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I found tons of spiders on the Hennepin Bridge in Minneapolis, MN and found it amazing the way they looked when I took a photo of them :)
I hope that for all the people who take and share photographs, that you remember some of us are not spider people. That means we range from going Ewww to having a serious reaction to them. Please keep this in mind. I personally think they are ugly, and they make me want to faint so just keep that in mind, please!
We don't all read the headings from the top of each photo and just think we are going to enjoy nice sunsets or pictures of people walking on the beach or kids laughing, then we are suddenly hit with a giant spider in our faces. Whatever possesses people to think of taking a photo of them is beyond me anyway.
One good thing came out of this however, and that is I will read the headings from now on as a warning.
I personally find your photos absolutely beautiful. I think your photos are in good taste, and thank you for sharing them! (09/14/2010)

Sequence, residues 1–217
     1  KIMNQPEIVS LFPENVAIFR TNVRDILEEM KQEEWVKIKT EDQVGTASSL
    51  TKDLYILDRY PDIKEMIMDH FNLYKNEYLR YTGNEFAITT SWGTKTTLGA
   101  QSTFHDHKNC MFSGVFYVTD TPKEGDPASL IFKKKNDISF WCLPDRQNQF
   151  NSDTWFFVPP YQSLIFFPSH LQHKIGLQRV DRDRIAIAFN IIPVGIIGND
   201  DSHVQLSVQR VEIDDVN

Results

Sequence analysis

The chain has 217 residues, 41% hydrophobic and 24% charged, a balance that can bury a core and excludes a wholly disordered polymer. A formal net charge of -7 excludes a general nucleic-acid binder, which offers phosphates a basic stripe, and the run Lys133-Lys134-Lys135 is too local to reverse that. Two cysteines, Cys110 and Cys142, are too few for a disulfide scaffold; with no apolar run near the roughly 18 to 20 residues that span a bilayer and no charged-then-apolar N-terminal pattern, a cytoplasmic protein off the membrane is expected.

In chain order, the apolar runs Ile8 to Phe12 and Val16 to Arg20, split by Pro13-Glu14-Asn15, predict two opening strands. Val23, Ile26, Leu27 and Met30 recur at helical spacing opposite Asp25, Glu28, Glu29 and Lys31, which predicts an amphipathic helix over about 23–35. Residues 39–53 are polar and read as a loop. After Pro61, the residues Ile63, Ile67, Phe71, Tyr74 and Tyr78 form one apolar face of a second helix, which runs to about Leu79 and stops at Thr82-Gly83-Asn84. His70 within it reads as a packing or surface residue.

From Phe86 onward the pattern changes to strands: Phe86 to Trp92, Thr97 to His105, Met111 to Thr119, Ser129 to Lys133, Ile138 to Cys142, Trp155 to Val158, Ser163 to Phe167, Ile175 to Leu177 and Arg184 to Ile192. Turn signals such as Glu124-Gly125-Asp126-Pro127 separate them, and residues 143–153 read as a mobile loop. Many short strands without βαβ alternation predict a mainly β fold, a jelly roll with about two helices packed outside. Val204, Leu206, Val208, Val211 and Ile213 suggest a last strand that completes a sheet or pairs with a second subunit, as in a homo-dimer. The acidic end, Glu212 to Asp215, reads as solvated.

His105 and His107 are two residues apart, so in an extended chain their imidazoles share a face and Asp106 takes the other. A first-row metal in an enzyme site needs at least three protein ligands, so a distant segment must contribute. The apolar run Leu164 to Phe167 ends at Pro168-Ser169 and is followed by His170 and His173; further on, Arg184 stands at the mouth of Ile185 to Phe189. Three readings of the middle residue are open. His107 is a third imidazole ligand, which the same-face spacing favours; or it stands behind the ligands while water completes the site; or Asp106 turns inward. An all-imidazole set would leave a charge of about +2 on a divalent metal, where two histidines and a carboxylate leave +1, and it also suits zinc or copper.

I was in my back yard cleaning up, when I nearly bumped into this very efficient looking spider web complete with the actual spider in waiting. I was startled for a second, I suppose he was too. I recovered quickly and grabbed my camera.
By Lauren from Topeka, Kansas
Happy that you didn't kill it! A lot of people would have freaked out and grabbed a broom or something to smash it with. Spiders have a purpose too. Neat photo! (10/28/2009)
Ewwww! Scary! I hate spiders - what a good photo though! (10/28/2009)
Creepy yes, but also cool! What a neat picture! I will have to admit that I am afraid of spiders, but as long as they
don't bother me, I won't bother them. LOL (10/28/2009)
My question is, What kind of spider is it? Is it poisonous to us? The web is different from most spiders. (10/29/2009)
Yes! This is a very poisonous spider. if you look and see how his fangs curl near the end. It means it is a Hobo Spider. Its bite will cause a fever and the skin to die around the bite. In severe cases, you can lose a limb. (02/08/2010)